By SIMBARASHE SITHOLE

INSTITUTE for Young Women’s Development (IYWD) has launched a campaign to encourage young women in the Mashonaland province to grow small grains that are drought resistant to ensure food security in the face of climate change.

IYWD made the call to farmers from Shamva, Mazowe, Bindura and Guruve who converged at Siyalima in Guruve on Saturday for a seed fair.

The young women displayed their products and shared ideas on how to improve and market their yields.

Speaking to NewsDay, IYWD co-ordinator Tinotenda Chihera said they had embraced the call by government to grow small grains in order to fight hunger and climate change.

“Zimbabwe is not spared from climate change and recurrent droughts in the Southern African Development Community (Sadc) region, hence we took heed of government’s call on the small grains initiative,” Chihera said.

“It has become our mandate to encourage our young women farmers to also engage in small grains farming using traditional methods.”

Chihera said the seed fair presented a platform for young women farmers to tap into their knowledge reservoirs to inspire and learn from each other.

A Bindura farmer, Tendai Chivesa said she was inspired by IYWD to venture into small grains farming.

“I am a small grains farmer in Bindura, the inspiration came from (IYWD) and today, I am very proud that I have managed to fight hunger by growing small grains like millet, ground and round nuts which I am also exhibiting here,” Chiveso said.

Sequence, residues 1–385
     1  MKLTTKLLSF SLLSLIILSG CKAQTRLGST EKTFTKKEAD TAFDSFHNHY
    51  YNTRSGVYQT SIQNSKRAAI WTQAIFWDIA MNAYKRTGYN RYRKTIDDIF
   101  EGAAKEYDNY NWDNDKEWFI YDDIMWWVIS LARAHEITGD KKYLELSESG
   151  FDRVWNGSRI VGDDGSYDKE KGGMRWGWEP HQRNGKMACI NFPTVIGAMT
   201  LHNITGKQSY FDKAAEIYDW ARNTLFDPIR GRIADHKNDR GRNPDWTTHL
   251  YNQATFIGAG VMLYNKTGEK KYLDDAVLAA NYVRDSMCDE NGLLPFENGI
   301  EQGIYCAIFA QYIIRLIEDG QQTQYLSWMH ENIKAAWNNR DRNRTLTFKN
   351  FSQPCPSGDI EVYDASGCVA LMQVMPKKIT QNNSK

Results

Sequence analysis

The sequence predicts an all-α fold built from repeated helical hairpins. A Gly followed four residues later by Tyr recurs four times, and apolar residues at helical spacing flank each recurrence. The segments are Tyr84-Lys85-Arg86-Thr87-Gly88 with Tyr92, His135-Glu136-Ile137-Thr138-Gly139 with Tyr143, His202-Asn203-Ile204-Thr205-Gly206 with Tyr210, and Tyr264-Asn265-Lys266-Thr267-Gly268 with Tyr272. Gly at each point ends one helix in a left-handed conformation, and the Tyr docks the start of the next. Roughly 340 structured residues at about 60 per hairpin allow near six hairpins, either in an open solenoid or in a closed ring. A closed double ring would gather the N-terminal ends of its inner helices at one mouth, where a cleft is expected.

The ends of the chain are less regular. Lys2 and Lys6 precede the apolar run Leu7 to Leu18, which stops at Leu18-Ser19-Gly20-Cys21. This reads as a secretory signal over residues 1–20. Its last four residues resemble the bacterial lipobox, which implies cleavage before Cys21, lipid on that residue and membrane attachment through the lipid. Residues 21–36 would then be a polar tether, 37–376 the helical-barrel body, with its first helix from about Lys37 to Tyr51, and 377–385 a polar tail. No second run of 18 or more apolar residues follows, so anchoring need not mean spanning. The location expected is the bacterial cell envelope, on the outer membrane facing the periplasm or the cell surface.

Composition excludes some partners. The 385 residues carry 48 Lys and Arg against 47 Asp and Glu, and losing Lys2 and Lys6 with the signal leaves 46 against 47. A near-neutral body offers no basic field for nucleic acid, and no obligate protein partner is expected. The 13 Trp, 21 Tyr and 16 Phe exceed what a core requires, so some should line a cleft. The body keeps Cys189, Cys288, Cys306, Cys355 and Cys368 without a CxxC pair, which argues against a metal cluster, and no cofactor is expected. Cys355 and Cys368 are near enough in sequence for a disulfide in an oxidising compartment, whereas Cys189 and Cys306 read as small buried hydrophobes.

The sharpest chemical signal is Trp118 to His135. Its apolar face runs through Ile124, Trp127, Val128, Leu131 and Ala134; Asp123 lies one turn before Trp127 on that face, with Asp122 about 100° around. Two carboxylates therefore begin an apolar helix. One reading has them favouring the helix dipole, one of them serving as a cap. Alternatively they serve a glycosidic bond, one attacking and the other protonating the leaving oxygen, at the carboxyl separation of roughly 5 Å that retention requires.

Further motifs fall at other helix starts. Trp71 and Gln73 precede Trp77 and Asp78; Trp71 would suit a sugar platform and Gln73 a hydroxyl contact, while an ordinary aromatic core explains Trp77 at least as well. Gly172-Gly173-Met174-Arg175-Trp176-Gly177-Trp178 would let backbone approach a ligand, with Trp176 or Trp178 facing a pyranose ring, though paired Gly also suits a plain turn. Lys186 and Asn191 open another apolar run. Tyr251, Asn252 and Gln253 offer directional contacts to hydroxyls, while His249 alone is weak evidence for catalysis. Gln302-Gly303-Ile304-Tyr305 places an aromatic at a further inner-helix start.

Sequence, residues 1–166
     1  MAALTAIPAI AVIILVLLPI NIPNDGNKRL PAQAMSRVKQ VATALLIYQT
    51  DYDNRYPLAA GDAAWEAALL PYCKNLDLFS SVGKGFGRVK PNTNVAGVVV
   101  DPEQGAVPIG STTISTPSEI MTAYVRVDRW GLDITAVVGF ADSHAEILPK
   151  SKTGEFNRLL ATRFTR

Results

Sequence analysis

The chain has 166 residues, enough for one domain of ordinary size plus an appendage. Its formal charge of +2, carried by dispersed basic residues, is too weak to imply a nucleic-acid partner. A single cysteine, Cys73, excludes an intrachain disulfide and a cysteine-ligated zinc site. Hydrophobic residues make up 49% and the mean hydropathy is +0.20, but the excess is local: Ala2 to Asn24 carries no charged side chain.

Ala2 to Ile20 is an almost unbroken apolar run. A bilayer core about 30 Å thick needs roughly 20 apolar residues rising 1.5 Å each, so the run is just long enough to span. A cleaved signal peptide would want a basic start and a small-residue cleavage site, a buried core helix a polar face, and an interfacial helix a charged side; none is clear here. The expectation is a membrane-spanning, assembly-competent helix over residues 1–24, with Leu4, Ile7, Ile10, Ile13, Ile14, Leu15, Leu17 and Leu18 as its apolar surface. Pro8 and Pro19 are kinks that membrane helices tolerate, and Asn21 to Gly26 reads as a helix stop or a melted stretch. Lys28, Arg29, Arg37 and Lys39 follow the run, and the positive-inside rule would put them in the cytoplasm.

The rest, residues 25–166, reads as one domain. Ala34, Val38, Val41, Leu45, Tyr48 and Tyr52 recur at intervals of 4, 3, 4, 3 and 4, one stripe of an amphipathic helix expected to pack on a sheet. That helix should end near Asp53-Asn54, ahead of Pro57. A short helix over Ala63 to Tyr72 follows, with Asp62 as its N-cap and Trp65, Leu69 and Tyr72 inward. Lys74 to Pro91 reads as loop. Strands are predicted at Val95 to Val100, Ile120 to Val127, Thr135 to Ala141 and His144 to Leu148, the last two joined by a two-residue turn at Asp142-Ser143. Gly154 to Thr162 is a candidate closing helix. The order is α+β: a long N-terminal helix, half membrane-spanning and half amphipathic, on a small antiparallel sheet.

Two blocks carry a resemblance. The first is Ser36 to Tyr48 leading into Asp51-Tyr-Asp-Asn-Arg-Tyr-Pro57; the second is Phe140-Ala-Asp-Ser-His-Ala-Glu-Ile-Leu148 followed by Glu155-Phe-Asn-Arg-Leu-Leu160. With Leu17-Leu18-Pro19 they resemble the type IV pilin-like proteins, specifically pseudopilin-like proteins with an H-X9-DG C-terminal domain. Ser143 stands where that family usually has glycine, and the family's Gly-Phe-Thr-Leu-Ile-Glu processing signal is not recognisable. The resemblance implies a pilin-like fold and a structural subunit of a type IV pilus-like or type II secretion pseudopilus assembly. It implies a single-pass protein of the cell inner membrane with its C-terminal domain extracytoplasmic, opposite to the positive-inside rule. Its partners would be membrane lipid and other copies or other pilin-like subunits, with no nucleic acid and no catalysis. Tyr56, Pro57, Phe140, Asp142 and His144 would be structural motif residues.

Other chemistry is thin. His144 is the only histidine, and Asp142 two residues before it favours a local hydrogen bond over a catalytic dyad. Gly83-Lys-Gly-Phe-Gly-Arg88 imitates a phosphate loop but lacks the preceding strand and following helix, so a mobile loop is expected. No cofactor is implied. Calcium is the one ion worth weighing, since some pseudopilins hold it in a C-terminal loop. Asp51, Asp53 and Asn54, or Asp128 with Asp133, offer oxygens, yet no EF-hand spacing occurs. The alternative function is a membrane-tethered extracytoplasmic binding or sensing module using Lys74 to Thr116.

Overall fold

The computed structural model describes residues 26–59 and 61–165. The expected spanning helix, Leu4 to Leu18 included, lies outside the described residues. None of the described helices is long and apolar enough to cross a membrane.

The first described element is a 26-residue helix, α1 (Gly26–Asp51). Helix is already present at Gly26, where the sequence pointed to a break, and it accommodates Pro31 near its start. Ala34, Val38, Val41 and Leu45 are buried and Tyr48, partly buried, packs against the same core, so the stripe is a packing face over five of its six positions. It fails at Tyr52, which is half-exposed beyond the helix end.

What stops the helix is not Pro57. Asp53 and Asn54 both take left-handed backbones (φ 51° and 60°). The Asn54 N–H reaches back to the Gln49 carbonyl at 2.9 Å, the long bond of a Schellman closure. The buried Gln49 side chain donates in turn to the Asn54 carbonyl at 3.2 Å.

“Through (IYWD), we were offered an opportunity to go to Zimbabwe Small Holder Organic Farmers Forum (ZIMSHOFF) in Masvingo where we received training on how to grow organic seeds and to date, we are putting it into practice to achieve better yields.”

Shamiso Gotami, a farmer in Guruve said climate change and hunger pushed her into small grains farming.

“Having observed that we had little rainfall this season, we went for drought resistant crops and took up the small grains initiative since the crops do not need fertilisers. It is very viable for us,” Gotami said.

Gean Kasukuvere from Shamva said she was earning a living through small grains.

“After learning feminist economics from IYWD, I took the small grains initiative and did it on a large scale so as to earn a living,” she said.

“I sell my grains in areas around Shamva and Bindura and have managed to form a company which I called Ndiro Yakazara due to high volumes of my products.
ZIMSHOFF supported the seed fair, which saw a number of farmers walking away with prizes.

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